Understanding the Complexity of Chronic Fatigue Syndrome

MIDDLETOWN — According to the Centers for Disease Control and Prevention, 2.5 million Americans have been diagnosed with myalgic encephalomyelitis or chronic fatigue syndrome. For the many people who suffer from this disease, there is no cure. Treatment begins by addressing the most disabling symptoms.

This column will look at the complexity of the condition making CFS difficult to diagnose, as many symptoms overlap with other illnesses and diseases.

The National Academy of Medicine’s 2015 Diagnostic Criteria documents the three main symptoms of CFS: fatigue, unrefreshing sleep, and post-exertional malaise, which occurs after physical or mental exertion. PEM is the exacerbation of CFS symptoms.

All three of the above must be present and the level of severity must be moderate to severe at least 50% of the time. In addition, a person must experience one of the following symptoms: worsening of symptoms after standing or sitting, or “brain fog” – memory and concentration difficulties that worsen when tired or stressed.

According to the Mayo Clinic, additional symptoms of CFS can include headache, sore throat, enlarged lymph nodes in the neck or armpits, unexplained muscle or joint pain, or dizziness when standing.

Extreme fatigue is defined by the United States Institute of Medicine as new and not permanent; severe enough that a person can no longer participate in activities they did before the onset or illness; not improved by rest, and include post-exercise malaise, which may take days or weeks to recover.

Many medical conditions can trigger symptoms of CFS, including sleep disturbances, anemia, diabetes, cancer, many autoimmune diseases, hormonal imbalances, such as an overactive or underactive thyroid; depression and anxiety.

Unfortunately, there is no one test or procedure to diagnose CFS. The causes of CFS can arise suddenly from a viral infection, surgery, injury, or emotional trauma. Following the coronavirus pandemic, many COVID long-haulers are showing symptoms of CFS.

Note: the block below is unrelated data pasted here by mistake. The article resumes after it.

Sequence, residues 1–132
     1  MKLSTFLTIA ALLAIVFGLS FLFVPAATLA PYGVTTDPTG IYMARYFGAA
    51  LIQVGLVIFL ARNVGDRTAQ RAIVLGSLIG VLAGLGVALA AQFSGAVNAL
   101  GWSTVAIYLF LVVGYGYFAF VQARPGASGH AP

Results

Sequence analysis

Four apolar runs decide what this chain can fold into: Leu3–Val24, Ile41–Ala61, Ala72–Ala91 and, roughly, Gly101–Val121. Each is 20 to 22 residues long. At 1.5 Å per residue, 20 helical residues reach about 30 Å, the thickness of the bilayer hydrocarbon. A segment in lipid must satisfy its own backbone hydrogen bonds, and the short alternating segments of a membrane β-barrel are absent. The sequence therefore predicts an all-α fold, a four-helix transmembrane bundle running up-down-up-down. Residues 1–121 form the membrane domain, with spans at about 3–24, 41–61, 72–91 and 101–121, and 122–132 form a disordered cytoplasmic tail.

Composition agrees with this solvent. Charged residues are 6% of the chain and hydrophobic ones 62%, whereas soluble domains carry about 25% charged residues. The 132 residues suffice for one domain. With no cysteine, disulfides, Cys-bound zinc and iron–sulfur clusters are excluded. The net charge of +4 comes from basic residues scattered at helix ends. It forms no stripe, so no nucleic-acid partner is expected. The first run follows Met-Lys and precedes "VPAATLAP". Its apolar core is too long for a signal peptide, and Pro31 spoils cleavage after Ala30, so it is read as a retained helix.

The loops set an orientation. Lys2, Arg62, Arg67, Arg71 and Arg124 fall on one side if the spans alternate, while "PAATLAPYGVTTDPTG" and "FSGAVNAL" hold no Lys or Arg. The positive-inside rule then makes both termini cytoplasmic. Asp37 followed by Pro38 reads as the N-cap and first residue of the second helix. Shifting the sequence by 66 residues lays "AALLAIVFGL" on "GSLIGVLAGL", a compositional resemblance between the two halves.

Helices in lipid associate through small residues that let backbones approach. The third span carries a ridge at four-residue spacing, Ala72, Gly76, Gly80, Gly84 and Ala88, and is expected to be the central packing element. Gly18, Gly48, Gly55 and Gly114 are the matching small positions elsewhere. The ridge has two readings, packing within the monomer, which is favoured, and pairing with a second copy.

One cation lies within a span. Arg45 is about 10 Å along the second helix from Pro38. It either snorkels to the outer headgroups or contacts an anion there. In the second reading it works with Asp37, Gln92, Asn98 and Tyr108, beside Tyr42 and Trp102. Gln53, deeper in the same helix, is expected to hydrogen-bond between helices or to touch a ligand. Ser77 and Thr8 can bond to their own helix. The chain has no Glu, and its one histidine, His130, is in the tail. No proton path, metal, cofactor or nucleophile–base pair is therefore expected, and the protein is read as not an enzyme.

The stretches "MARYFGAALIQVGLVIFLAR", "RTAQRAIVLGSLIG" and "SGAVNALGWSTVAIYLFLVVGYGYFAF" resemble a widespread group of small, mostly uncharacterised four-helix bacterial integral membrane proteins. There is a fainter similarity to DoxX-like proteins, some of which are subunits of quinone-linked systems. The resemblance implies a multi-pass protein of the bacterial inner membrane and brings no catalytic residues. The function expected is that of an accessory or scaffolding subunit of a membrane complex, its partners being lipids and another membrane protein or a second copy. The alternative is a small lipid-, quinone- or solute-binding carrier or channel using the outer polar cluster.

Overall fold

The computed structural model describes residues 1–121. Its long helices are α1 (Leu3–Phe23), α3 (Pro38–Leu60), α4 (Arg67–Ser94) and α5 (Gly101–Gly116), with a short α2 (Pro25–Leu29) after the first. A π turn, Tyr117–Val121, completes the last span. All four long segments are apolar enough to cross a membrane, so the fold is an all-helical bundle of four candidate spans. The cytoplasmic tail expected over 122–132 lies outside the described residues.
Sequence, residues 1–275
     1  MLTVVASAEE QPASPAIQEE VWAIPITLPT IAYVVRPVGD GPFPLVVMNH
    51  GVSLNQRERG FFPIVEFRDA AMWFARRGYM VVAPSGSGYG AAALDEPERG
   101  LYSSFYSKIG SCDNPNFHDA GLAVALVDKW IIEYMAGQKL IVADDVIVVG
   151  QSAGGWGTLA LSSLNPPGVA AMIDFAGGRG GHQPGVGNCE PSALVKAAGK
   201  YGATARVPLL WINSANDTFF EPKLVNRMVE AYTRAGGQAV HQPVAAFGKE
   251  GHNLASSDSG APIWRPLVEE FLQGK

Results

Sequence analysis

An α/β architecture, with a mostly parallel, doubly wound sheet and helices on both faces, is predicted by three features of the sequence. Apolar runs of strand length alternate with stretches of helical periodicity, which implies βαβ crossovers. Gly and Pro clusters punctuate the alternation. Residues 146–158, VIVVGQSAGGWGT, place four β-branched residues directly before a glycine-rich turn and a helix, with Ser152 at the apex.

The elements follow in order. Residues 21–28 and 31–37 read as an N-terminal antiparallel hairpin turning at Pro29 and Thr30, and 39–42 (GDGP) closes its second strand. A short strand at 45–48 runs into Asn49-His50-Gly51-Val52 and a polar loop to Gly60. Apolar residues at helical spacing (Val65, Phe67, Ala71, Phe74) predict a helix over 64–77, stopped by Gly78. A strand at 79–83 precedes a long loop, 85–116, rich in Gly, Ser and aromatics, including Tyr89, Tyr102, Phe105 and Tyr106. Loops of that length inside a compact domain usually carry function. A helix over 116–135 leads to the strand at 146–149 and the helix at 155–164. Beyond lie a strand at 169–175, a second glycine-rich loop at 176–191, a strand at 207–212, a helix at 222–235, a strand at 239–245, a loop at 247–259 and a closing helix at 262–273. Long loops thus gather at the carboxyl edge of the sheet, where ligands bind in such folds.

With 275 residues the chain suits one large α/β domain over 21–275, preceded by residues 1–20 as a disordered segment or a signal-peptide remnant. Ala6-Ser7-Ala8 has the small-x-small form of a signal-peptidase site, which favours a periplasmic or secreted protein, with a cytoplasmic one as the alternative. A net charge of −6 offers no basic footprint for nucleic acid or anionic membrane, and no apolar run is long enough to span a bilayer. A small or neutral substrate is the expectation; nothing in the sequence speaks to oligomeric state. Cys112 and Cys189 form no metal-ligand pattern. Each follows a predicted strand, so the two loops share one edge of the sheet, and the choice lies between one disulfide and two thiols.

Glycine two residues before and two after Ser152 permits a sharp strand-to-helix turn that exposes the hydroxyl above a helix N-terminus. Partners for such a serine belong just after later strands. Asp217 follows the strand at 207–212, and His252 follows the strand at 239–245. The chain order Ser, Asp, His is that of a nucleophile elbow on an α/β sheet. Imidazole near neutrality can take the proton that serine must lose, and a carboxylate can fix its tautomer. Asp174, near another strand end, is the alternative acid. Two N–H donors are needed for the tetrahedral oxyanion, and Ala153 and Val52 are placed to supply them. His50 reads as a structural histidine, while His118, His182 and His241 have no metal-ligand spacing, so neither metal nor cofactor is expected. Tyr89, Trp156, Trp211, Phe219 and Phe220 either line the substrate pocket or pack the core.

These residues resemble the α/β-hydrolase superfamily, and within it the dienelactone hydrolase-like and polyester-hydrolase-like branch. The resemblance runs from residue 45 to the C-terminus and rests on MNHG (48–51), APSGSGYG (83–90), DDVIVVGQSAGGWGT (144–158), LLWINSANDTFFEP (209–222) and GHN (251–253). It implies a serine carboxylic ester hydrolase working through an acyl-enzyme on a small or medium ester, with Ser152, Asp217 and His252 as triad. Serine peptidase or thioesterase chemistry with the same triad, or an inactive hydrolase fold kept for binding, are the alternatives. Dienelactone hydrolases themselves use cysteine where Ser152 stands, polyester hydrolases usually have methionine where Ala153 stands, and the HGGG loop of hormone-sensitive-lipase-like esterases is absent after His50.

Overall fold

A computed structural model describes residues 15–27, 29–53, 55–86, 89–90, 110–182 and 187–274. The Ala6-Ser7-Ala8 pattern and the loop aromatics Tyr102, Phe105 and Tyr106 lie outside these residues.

If you think you have symptoms of CFS, it is recommended that you make an appointment with your doctor. Be sure to list all symptoms, being as specific as possible about their onset, severity, and impact on your quality of life.

Also share any updated medical and personal information with your doctor. Blood work as well as additional diagnostic tests may be needed to rule out other medical conditions. Your doctor may refer you to a specialist if they are concerned that the symptoms are related to a specific medical condition.

If other medical conditions are ruled out, managing the most debilitating symptoms is key to feeling better. This may include over-the-counter medications to manage pain or prescriptions to treat anxiety and depression. However, counseling, support groups or exercises may also be part of the individual care plan.

Laura Falt is Director of Business Development for National Health Care Associates, CT North. She represents the company’s seven qualified nurses, including Water’s Edge Center for Health & Rehabilitation in Middletown. Email him at [email protected]

Sharon D. Cole